Translation:Always take off your slippers when you enter the house.
The structure of the solution does not seem to support the sentence prompt. "Wehe i ke kalipa ke komo i ka hale i nā manawa a pau" seems to better suit the solution. It looks like the translation to the prompt should be "Remove your slippers, always, when entering the house." I would appreciate any thoughts on this, especially if there is a rule to the structure.
I would have thought entering the house was the time to put ON slippers. Take off your SHOES and put on your SLIPPERS. Shoes are for the outside, slippers are for the inside. At least, that's how I've been raised.
Are slippers more commonly worn outdoors in Hawaii (or Hawai'i, to be more linguistically correct)? Is it a normal rule of Hawaiian households that you have to be in bare or stockinged feet?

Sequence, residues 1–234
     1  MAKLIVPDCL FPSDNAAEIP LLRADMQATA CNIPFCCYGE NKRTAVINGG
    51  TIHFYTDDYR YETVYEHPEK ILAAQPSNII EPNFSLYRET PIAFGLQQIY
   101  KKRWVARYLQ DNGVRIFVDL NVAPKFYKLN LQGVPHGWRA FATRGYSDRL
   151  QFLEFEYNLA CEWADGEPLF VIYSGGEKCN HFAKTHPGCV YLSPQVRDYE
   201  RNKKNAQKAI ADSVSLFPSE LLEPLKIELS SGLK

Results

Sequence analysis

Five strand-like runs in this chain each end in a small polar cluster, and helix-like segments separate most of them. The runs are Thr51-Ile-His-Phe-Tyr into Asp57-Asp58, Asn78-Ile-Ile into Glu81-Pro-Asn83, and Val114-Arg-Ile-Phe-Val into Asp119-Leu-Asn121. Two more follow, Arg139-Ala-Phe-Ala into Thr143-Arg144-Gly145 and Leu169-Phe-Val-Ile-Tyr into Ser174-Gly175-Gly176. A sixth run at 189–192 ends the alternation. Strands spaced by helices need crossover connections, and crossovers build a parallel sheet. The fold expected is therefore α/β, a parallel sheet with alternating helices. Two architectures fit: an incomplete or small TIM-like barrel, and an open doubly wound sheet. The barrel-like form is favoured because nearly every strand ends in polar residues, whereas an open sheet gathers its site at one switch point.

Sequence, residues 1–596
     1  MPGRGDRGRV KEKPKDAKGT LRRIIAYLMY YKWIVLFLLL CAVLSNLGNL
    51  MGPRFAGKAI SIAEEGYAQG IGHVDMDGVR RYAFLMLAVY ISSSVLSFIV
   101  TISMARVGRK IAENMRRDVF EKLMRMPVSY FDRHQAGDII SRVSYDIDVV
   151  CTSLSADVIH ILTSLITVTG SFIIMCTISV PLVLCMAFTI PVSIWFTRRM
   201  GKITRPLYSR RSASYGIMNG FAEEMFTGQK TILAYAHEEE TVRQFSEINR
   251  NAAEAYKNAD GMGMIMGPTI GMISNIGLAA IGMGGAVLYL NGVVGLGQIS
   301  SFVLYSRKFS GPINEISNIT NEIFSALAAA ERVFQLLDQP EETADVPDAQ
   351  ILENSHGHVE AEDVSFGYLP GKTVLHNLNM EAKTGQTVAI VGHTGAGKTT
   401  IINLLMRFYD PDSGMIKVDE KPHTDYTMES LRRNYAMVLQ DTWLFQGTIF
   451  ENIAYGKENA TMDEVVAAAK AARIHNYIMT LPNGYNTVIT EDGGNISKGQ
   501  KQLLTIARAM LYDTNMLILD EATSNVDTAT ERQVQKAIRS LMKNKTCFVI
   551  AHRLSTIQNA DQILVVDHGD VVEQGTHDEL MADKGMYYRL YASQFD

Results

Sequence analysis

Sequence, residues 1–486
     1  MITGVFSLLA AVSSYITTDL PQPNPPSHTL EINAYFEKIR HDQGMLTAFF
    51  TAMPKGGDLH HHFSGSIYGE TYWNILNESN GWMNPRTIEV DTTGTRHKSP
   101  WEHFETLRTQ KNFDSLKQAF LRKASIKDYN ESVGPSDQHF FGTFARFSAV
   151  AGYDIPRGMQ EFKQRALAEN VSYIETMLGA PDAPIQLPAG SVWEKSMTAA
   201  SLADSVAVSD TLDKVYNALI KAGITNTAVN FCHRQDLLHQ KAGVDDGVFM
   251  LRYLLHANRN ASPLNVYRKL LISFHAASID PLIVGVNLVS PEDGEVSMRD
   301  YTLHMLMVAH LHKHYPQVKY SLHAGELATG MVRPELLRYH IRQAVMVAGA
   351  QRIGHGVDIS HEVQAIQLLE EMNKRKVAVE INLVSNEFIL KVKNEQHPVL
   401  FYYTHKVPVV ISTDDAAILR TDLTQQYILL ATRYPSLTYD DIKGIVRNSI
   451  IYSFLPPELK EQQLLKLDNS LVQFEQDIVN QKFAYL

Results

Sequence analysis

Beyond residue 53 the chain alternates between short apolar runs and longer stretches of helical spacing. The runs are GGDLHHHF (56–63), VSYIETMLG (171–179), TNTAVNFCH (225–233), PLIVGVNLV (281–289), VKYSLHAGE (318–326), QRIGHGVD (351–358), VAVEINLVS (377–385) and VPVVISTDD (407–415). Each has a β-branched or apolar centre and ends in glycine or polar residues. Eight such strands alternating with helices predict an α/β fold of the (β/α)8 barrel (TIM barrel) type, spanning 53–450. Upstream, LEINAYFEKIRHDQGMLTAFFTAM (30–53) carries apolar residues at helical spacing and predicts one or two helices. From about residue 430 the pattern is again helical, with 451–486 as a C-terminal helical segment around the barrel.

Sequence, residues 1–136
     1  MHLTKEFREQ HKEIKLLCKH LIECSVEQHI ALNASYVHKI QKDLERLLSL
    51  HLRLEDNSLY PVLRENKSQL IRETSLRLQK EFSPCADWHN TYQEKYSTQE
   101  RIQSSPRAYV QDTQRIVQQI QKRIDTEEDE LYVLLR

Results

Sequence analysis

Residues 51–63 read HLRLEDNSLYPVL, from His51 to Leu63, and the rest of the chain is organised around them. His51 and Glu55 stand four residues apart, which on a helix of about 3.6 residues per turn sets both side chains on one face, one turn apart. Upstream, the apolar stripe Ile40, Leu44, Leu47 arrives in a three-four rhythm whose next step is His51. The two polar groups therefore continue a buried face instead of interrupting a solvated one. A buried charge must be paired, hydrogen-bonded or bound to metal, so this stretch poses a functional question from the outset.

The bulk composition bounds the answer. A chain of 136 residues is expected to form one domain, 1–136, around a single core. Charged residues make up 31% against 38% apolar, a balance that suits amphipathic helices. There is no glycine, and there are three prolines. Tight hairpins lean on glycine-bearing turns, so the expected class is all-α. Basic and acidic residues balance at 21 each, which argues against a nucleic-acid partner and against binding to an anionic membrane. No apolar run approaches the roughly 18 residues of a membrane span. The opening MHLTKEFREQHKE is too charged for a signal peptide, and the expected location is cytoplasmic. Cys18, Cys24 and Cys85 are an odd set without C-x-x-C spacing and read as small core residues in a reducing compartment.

This is an interesting cultural and linguistic note - they are using English that is specific to Hawai‘i. In this sentence, the word slippers refers to what everyone else calls flip-flops. No one says flip-flops in Hawai‘i. Plus, nobody wears actual slippers inside their homes in Hawai‘i, it is barefoot only.
Thank you so much for this! That is really interesting to know. Sounds like Hawaiian "slippers" are what we in New Zealand call jandals, and our Australian cousins call thongs. And as you say, they're known as flip-flops in other places. Those are certainly outdoor shoes rather than indoor ones, but are easy to "slip on".
Sounds like the Hawaiian practice of going barefoot indoors is much like what the Maoris do in NZ. Incidentally, I have noticed a lot of similarities between the Hawaiian and Maori languages, so doubtless there are many cultural similarities too. Mahalo once again.